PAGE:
Public News


U.S. Transportation Secretary Ray LaHood Proposes Rule to Ban Texting for Truck and Bus Drivers

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DOT 55-10
Wednesday, March 31, 2010
Contact:  Olivia Alair
Tel:  202-366-4570

U.S. Transportation Secretary Ray LaHood Proposes Rule to Ban Texting for Truck and Bus Drivers
Department Announces Unprecedented Partnership with Cornell University

to Engage Public in Rulemaking Process

WASHINGTON, D.C. - U.S Transportation Secretary Ray LaHood today announced a federal rule that proposes to specifically prohibit texting by interstate commercial truck and bus drivers. The proposed rule would make permanent an interim ban announced in January 2010 that applied existing safety rules to the specific issue of texting.  

The Department also announced an unprecedented partnership with Cornell University to increase public involvement and collaboration in the rulemaking process.  The Cornell e-Rulemaking Initiative (CeRI) partnership will make the federal regulatory process more accessible to the public through Regulation Room, an online public participation environment where people can learn about and discuss proposed federal regulations and provide effective feedback to the Department. 

"This is good news on two fronts," said Secretary LaHood.  "This rulemaking keeps our commitment to making our roads safer by reducing the threat of distracted driving. And our partnership with Cornell on the e-Rulemaking Initiative is an important step toward keeping President Obama's promise of opening government to more effective citizen participation." 

Today's proposed rule to ban texting by drivers of commercial vehicles and bus drivers is the first effort in this innovative partnership.  Citizens can find more information on the Cornell online effort and provide comments on the proposed rule at over the next 30 days.  The Department of Transportation encourages participation in this rulemaking through Regulation Room, but the public may also submit comments to the DOT docket at

FMCSA research shows that drivers who send and receive text messages take their eyes off the road for an average of 4.6 seconds out of every 6 seconds while texting.  At 55 miles per hour, this means that the driver is traveling the length of a football field, including the end zones, without looking at the road.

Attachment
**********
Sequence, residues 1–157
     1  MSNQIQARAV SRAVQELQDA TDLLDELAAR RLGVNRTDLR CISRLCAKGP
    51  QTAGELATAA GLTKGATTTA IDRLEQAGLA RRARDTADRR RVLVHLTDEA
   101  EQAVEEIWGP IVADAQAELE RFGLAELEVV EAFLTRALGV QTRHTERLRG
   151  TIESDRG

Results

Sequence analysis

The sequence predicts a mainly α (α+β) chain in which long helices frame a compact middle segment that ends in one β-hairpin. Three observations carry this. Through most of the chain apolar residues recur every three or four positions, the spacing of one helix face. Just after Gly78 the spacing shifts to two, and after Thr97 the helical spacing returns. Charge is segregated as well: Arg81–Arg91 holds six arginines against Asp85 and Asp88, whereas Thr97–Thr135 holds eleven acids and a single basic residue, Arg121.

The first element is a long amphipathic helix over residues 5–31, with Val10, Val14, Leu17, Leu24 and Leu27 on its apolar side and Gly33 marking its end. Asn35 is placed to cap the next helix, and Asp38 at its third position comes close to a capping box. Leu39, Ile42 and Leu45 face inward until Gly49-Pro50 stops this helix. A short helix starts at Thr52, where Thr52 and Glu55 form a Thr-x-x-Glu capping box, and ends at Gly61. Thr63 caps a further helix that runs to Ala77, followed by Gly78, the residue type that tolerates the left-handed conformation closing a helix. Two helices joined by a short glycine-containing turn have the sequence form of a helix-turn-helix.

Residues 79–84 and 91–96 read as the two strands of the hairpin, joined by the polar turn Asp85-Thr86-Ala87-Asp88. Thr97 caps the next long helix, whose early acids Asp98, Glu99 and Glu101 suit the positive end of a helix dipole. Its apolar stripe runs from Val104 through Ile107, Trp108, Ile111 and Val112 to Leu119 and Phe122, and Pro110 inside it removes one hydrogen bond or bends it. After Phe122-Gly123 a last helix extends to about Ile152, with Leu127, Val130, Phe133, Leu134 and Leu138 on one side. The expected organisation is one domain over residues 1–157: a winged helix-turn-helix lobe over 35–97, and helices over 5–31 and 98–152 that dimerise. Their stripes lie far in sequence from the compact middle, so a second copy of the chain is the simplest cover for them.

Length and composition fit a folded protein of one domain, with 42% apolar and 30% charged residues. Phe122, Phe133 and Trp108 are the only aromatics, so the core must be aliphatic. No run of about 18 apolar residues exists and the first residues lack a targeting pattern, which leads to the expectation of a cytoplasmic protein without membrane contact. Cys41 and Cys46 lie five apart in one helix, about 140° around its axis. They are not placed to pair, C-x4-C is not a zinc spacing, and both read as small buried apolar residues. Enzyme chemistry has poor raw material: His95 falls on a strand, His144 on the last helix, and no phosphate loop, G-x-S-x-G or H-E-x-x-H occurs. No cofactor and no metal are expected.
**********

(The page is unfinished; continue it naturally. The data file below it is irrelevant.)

Drivers who text while driving are more than 20 times more likely to get in an accident than non-distracted drivers.  Because of the safety risks associated with the use of electronic devices while driving, FMCSA is also working on additional regulatory measures that will be announced in the coming months.

"We are committed to using every resource available to eliminate the dangers of distracted driving," said FMCSA Administrator Anne S. Ferro.  "This rulemaking to prohibit texting by interstate commercial truck and bus drivers, along with the Cornell E-Rulemaking Initiative, reinforces our unwavering commitment and provides the public with a unique opportunity to share their ideas and comments on how together we can make our roads safer."  

The proposed rule will be on public display in the Federal Register March 31 and will appear in print in the Federal Register on April 1.

During the September 2009 Distracted Driving Summit, the Secretary announced the Department's plan to pursue this regulatory action, as well as rulemakings to reduce the other  risks posed by distracted driving.

President Obama also signed an Executive Order directing federal employees not to engage in text messaging while driving government-owned vehicles or with government-owned equipment.  Federal employees were required to comply with the ban starting on December 30, 2009. 

The public can follow the progress of the U.S. Department of Transportation in working to combat distracted driving at


J. J. Keller to Sponsor Seavey’s Iditarod® Racing Team in 2010

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Neenah, WI – James and Rosanne Keller, representing J. J. Keller & Associates, Inc., announced their sponsorship of Seavey’s Iditarod Racing Team for the fourth consecutive year. They will be the exclusive sponsor for musher Dallas Seavey, who in 2005 became the youngest musher ever to finish the Iditarod and was the sixth-place finisher in the 2009 race. They will also be a major sponsor for Dallas’ father, Mitch, who was the 2004 Iditarod champion and fourth-place finisher in the 2009 race.

According to J. J. Keller President & COO James J. Keller, “We are honored to support the Seaveys. Calling this a sponsorship doesn’t do it justice. This is more of a partnership with mutual respect between both families, with the ultimate goal being to win the Championship.” Keller added that if either musher wins, a 2010 J. J. Keller Iditarod Championship Celebration will be held at J. J. Keller headquarters.

The Iditarod, Alaska’s best-known sporting event, begins on Saturday, March 6, 2010, in Anchorage and will end in Nome 10 to 13 days later after a 1,149-mile trek through harsh terrain and unbelievable obstacles. It is often called "The Last Great Race on Earth," and to date 75 mushers have registered for this year’s event.

To view entire release, click here.

For more information, contact: 
Marketing Communications
Tom Hines
1-800-843-3174, ext. 7543
E-mail: This email address is being protected from spambots. You need JavaScript enabled to view it.

To visit J. J. Keller's full Press Room, click here.

Scam Alert